There was no registered manager in place as required by their conditions of registration. A registered manager is a person who has registered with the Care Quality Commission to manage the service. Like registered providers, they are ‘registered persons’. Registered persons have legal responsibility for meeting the requirements in the Health and Social Care Act 2008 and associated regulations about how the service is run. There has been a new manager in place since May 2017. The manager had submitted an application to CQC to become the home’s registered manager to ensure the provider would meet their registration requirements.

Information of concern around the inconsistency of staffing levels in Ashcurch View had been raised prior to our inspection. CQC had initially acted by requesting confirmation and assurances from the provider that people were being cared for by a sufficient number of staff. This inspection was prompted in part by these concerns and to follow up on the actions the provider stated they were taking.

There had been recent changes in the staffing and management of the home. People had been supported by agency staff and staff had remained flexible to ensure they remained safe in the home. The manager was actively recruiting a permanent staff team to ensure people there were sufficient and familiar staff deployed to meet their needs.

People’s support needs and risks had been assessed and were managed well. Their care records had been reviewed however improvements were needed to ensure the care people required and had received would always be recorded. People received their medicines in a safe and timely manner and were referred to health care services when their needs had changed.

Quality assurances systems were in place to monitor the quality of the service being provided and actions were being taken by the manager when they had identified areas that required improvements. Further improvement was needed to ensure management actions would always be recorded to enable effective monitoring and evaluation of action taken to improve the home.

People told us they enjoyed living at the home and they felt safe. We observed that staff were courteous and polite towards people. Staff understood the importance of respecting people’s dignity and privacy. Staff supported and encouraged people to make their own decisions and choices.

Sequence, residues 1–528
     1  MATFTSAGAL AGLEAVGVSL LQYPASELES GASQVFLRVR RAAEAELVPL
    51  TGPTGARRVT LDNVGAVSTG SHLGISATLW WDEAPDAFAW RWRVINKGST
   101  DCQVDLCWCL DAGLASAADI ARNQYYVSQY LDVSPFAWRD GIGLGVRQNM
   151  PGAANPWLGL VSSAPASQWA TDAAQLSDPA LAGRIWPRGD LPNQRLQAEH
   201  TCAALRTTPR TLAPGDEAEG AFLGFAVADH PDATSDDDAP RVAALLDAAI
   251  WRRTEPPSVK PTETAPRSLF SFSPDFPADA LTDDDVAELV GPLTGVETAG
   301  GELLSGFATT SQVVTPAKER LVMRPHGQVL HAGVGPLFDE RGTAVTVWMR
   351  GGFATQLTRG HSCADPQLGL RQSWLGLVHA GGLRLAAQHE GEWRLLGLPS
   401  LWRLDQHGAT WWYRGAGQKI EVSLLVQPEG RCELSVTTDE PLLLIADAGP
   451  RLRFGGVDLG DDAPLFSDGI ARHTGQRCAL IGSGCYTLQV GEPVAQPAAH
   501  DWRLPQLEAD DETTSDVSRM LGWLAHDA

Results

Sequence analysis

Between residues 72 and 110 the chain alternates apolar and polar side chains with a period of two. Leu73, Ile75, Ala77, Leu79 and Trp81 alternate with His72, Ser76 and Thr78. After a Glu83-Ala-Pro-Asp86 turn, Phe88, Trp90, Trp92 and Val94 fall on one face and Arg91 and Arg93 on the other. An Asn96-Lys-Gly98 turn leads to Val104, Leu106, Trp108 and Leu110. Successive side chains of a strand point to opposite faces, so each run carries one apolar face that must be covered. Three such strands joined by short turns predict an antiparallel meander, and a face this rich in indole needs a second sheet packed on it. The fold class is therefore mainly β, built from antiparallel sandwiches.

Staff had been trained to carry out their role and were knowledgeable about good care practices and their responsibilities to protect people from harm and abuse. Staff felt supported by their seniors and new managers. Plans were in place to ensure staff received one to one support meetings to discuss their role and self-development. Adequate recruitment processes were in place to ensure people were cared for by suitable staff, some improvement was needed to ensure people’s needs were continually being met in a timely manner.

The manager was taking action to further develop the activities for people. Additional staff had been recruited to develop a range of activities to be available in the home and community. Concerns from

Inspection carried out on 13 November 2015

During a routine inspection

This inspection took place on 13 November 2015 and was unannounced. Ashchurch View provides accommodation for 60 people who require nursing and personal care. 58 people were living in the home at the time of our inspection. This service was last inspected in July 2014.

Ashchurch View is a large purpose built care home set over two floors. The home has three units which support people with different needs. Each unit has a lounge and dining room with an adjacent kitchen. People’s bedrooms have a private toilet and shower facility. People have access to a secure garden, coffee area and hobbies room as well as a hair salon.

A registered manager was in place as required by their conditions of registration. A registered manager is a person who has registered with the Care Quality Commission to manage the service. Like registered providers, they are ‘registered persons’. Registered persons have legal responsibility for meeting the requirements in the Health and Social Care Act 2008 and associated regulations about how the service is run.

People told us they enjoyed living at Ashchurch View. They were positive about the care and support they received from staff. People’s individual needs were assessed, planned and reviewed. However people’s risk assessments were not always updated and recorded accurately. People did not have evacuation care plans to guide staff with their support requirements. Assessments to people’s ability to make decisions about their care and treatment had not been recorded in detail.

People received additional care and treatment from other health care services when needed. People were supported to have a well-balanced and nutritional diet. A programme of activities was in available. People were encouraged to make decisions about their day. Detailed mental capacity assessments and records of power of attorneys were not always evident where people lacked mental capacity to make decisions about their care and support.

People told us staff were kind and compassionate but they would like staff to sit and chat with people. The staffing levels of the home were being reviewed with the provider. Further recruitment was in place to ensure people’s needs were being met. Staff told us they felt supported and trained to carry out their role. However, whilst most staff had received relevant training and individual support sessions, this was not always recorded.